On March 31, the federal government said it would stop using M-44s in six eastern Oregon counties at the request of state fish and wildlife officials.
Williams, the Oregon agency director, said the wolf’s death was the only unintentional kill tied to the M-44 in the state in five years. The agency respected the state’s request to stop using the trap, but doing so “makes our job incredibly hard.”
Roberts, the Wallowa County chair, was pragmatic. “People drive down the freeway, and they wreck and kill themselves,” she said. “It’s not somebody else’s fault. These things are part of life.”
What happens next
Conflicts with wildlife aren’t contained to 26 Oregon counties. Williams said the others also have issues, but can’t afford the expense. “They can barely hold onto that they have now.”
State wildlife officials say they will occasionally respond and trap and kill big game — typically cougars or bears — in counties where there are no trappers if there is a public safety concern or livestock damage.
“We can, but we don’t have in many cases the staff to be able to do that,” said Doug Cottam, the state’s wildlife division administrator.
Though Oregonians can legally hunt cougars and bears, they are protected. Wildlife services has the necessary permits to respond to public safety concerns or property damage. “You can’t just go out and shoot them” he said.
While governments battle revenue woes, timber companies can afford to pay to trap or kill bears that damage their crops. Since 2014, some 621 black bears were killed by the federal agency, much of that in Southwest Oregon.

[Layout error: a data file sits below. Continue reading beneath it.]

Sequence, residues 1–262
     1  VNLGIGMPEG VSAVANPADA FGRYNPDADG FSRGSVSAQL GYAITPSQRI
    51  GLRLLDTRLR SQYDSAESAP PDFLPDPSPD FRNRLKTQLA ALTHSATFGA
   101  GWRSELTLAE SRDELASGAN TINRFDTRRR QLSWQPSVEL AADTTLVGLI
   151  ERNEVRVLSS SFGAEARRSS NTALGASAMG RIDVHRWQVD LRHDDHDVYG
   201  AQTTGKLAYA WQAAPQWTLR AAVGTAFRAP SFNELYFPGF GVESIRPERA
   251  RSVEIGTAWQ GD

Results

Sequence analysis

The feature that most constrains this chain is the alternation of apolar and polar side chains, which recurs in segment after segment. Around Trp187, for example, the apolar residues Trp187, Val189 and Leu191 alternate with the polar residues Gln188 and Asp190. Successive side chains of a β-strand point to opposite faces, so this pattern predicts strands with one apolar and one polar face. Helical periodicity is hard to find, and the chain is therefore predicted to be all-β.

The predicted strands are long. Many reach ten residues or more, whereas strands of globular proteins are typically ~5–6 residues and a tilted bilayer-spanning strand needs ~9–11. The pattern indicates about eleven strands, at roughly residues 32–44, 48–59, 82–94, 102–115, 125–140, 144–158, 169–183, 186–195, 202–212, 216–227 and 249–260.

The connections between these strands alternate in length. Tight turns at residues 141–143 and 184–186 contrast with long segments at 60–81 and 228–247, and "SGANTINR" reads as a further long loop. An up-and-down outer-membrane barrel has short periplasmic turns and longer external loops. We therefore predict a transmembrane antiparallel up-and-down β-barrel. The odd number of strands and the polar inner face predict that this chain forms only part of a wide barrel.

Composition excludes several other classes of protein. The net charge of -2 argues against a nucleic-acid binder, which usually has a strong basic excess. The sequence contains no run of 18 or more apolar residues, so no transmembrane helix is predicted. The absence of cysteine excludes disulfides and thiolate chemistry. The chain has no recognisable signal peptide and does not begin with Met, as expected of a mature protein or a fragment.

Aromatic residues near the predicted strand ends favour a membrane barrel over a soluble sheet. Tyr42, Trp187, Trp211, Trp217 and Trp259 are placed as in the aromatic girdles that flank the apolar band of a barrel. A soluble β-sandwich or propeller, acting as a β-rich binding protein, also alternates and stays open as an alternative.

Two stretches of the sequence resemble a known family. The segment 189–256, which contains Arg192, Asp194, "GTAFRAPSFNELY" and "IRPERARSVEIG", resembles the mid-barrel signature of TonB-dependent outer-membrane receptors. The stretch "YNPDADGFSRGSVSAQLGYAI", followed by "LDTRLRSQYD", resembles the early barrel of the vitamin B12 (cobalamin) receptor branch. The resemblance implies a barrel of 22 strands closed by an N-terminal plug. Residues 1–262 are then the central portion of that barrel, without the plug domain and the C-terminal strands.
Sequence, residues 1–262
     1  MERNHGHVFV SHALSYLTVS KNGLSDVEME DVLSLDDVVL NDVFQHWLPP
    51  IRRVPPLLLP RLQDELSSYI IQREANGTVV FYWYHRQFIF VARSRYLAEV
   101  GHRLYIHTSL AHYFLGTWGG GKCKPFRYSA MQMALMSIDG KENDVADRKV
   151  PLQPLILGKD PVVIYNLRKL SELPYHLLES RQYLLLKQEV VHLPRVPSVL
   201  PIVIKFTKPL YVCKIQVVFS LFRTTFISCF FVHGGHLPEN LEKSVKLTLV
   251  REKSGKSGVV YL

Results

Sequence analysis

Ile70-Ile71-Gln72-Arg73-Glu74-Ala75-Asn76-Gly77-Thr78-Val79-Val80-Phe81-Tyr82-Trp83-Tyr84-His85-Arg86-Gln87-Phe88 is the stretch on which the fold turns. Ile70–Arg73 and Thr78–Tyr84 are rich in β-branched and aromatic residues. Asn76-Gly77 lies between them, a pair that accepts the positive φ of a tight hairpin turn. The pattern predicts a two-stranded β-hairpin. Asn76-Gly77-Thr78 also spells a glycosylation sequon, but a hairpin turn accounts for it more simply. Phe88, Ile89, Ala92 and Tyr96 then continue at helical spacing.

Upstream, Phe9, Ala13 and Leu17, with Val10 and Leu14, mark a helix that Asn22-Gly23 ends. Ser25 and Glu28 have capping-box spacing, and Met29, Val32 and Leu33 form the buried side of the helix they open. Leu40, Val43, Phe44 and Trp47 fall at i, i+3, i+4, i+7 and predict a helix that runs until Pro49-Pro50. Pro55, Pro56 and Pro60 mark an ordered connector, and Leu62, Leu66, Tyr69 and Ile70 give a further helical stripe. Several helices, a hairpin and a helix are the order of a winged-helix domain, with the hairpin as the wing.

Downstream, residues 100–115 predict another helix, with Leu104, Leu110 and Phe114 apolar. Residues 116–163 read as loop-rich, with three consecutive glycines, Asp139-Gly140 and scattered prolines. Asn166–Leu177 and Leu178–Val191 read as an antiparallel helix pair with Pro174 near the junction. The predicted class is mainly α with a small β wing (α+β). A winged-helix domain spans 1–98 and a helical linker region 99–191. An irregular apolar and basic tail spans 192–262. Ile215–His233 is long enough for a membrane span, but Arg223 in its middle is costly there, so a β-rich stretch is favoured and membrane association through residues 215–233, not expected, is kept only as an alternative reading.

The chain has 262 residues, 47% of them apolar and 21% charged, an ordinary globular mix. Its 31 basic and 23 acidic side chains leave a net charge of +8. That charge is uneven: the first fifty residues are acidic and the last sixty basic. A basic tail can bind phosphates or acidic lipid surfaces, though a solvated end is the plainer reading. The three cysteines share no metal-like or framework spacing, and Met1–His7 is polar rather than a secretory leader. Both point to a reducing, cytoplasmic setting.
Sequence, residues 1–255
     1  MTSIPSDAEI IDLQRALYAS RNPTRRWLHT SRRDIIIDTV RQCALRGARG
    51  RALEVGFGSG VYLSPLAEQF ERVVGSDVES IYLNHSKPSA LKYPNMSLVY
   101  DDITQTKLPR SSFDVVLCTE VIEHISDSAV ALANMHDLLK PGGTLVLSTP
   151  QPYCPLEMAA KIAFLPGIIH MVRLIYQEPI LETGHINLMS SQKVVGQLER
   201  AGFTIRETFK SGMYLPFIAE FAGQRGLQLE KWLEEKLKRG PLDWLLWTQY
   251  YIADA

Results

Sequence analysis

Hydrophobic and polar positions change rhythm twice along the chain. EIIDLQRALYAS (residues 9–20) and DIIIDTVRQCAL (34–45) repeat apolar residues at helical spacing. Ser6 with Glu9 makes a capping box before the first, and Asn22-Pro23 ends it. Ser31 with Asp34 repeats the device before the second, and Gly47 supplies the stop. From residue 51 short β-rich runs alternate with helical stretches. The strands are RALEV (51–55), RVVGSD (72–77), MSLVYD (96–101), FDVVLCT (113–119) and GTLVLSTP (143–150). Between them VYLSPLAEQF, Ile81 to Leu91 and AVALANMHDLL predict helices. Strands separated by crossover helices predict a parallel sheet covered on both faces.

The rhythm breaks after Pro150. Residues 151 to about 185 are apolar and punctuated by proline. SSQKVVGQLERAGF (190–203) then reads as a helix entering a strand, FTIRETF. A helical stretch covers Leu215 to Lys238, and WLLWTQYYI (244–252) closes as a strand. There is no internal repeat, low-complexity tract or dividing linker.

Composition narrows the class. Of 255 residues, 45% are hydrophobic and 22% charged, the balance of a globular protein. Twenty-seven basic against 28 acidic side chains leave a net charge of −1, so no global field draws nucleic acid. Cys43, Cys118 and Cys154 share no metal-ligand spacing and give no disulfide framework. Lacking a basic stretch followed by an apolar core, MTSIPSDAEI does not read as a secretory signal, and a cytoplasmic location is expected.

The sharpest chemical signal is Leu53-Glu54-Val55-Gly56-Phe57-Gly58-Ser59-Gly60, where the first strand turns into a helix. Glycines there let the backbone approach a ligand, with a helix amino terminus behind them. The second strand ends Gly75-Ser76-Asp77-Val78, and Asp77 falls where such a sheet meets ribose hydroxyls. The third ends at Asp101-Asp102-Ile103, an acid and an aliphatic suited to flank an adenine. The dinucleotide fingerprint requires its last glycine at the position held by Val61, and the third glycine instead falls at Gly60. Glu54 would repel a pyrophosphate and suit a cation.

Sara Duncan, director of public affairs with the Oregon Forest & Industries Council, said black bears caused $16.4 million to timber crops in 2014 alone. She noted that the animals, with an estimated population of 25,000 to 30,000 in the state, are much more likely to be killed by legal hunting than for damaging timber.
For other services, Williams said, counties provide most funds. Last year, the federal government provided $955,687 for operations in Oregon, and the state’s share was $539,944. Counties contributed $1.3 million, Williams said.
If the state’s funding is cut as projected, Williams said the agency may have to cut agents. Those employees, many of whom have worked in the same cities or counties for decades, are difficult to replace because their skills and knowledge of the regions are “earned over years.
The Oregon Cattleman Association, which represents more than 2,000 ranchers across the state, will continue lobbying to restore some funding.
Jerome Rosa, the group’s executive director, said the program’s benefits are clear. “What is a problem on private land one minute is something that may be a problem on public land the next minute,” he said.
But he’s unsure if the lobbying will be successful. “My crystal ball is just as foggy as everybody else’s right now.”